An international team of scientists from the UK, Australia, Italy and the USA have announced in today's issue of the journal Science Express (8th January 2004) the first discovery of a double pulsar system.
They have shown that the compact object orbiting the 23-millisecond pulsar PSR J0737-3039A with a period of just 2.4 hours is not only, as suspected, another neutron star but is also a detectable pulsar, PSR J0737-3039B, that is rotating once every 2.8 seconds.
Professor Andrew Lyne of the University of Manchester points out that "While experiments on one pulsar in such an extreme system as this are exciting enough, the discovery of two pulsars orbiting one another opens up new precision tests of general relativity and the probing of pulsar magnetospheres."
The same team previously reported [Nature 4th December 2003], the discovery of pulsar A in a close binary system which is rapidly losing energy by gravitational radiation. The stars will coalesce in only approximately 85 million years, sending a ripple of gravity waves across the Universe. The discovery of the system shows that such coalescences will occur more frequently than previously thought. "The news has been welcomed by gravitational wave hunters, since it boosts their hopes for detecting the gravitational waves" says Prof. Nichi D'Amico of Cagliari University.
The double neutron star system was first detected using the 64-m Parkes radio telescope in New South Wales, Australia. Subsequent observations were made both at Parkes and with the 76-m Lovell Telescope of the University of Manchester in Cheshire, UK and revealed the occasional presence of pulsations with a period of 2.8 seconds from the companion pulsar.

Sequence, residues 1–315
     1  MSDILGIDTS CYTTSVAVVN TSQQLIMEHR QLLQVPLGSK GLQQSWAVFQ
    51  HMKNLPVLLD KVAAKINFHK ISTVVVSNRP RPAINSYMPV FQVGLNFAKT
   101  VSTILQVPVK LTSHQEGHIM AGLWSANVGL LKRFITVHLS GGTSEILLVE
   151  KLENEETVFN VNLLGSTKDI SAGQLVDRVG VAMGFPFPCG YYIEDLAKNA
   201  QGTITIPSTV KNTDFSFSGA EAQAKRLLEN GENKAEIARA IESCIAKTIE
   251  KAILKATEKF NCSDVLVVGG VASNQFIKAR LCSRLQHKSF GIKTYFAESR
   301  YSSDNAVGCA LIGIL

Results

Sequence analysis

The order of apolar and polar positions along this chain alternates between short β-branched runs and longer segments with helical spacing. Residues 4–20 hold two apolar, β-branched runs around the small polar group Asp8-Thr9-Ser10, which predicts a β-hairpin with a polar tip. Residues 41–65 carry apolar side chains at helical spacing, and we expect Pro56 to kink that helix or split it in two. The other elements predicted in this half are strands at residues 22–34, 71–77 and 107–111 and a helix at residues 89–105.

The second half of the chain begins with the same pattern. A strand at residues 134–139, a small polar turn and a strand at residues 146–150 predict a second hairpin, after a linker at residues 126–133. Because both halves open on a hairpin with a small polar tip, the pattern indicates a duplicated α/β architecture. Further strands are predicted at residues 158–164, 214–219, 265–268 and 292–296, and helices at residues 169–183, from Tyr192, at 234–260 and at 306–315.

Already, four different effects beyond those explained with simple Newtonian gravity have been measured and are completely consistent with Albert Einstein's theory. Dr. Richard Manchester of the Australia Telescope National Facility says, "The fact that both objects are pulsars enables completely new high-precision tests of gravitational theories. This system is really extreme." Future observations of the two stars will measure their slow spiral in towards each other as they radiate gravitational radiation -- a dance of death leading to their ultimate fusion into what may become a black hole. General relativity predicts that the two stars will slowly wobble like spinning tops allowing new tests of the theory.
Another unique aspect of the new system is the strong interaction between radiation from the two stars. By chance, the orbit is seen nearly edge on to us, and the signal from one pulsar is eclipsed by the other. Dr. Andrea Possenti of Cagliari Astronomical Observatory says, "This provides us with a wonderful opportunity to probe the physical conditions of a pulsar's outer atmosphere, something we've never been able to do before."
The surveys designed by the team to discover new pulsars at the Parkes Telescope have been extraordinarily successful. They have discovered over 700 pulsars in the last 5 years, nearly as many as were discovered in the preceding 30 years. The discovery of this double pulsar system will be the major jewel in the crown.
A.G. Lyne, M. Burgay, M. Kramer, A. Possenti, R.N. Manchester, F. Camilo, M.A. McLaughlin, D.R. Lorimer, N. D'Amico, B.C. Joshi, J. Reynolds and P.C.C. Freire. "A Double-Pulsar System - A Rare Laboratory for Relativistic Gravity and Plasma Physics". Science 8 January 2004.
A pulsar is the collapsed core of a massive star that has ended its life in a supernova explosion. Weighing more than our Sun, yet only 20 kilometres across, these incredibly dense objects produce beams of radio waves which sweep round the sky like a lighthouse, often hundreds of times a second. Radio telescopes receive a regular train of pulses as the beam repeatedly crosses the Earth so the objects are observed as a pulsating radio signal.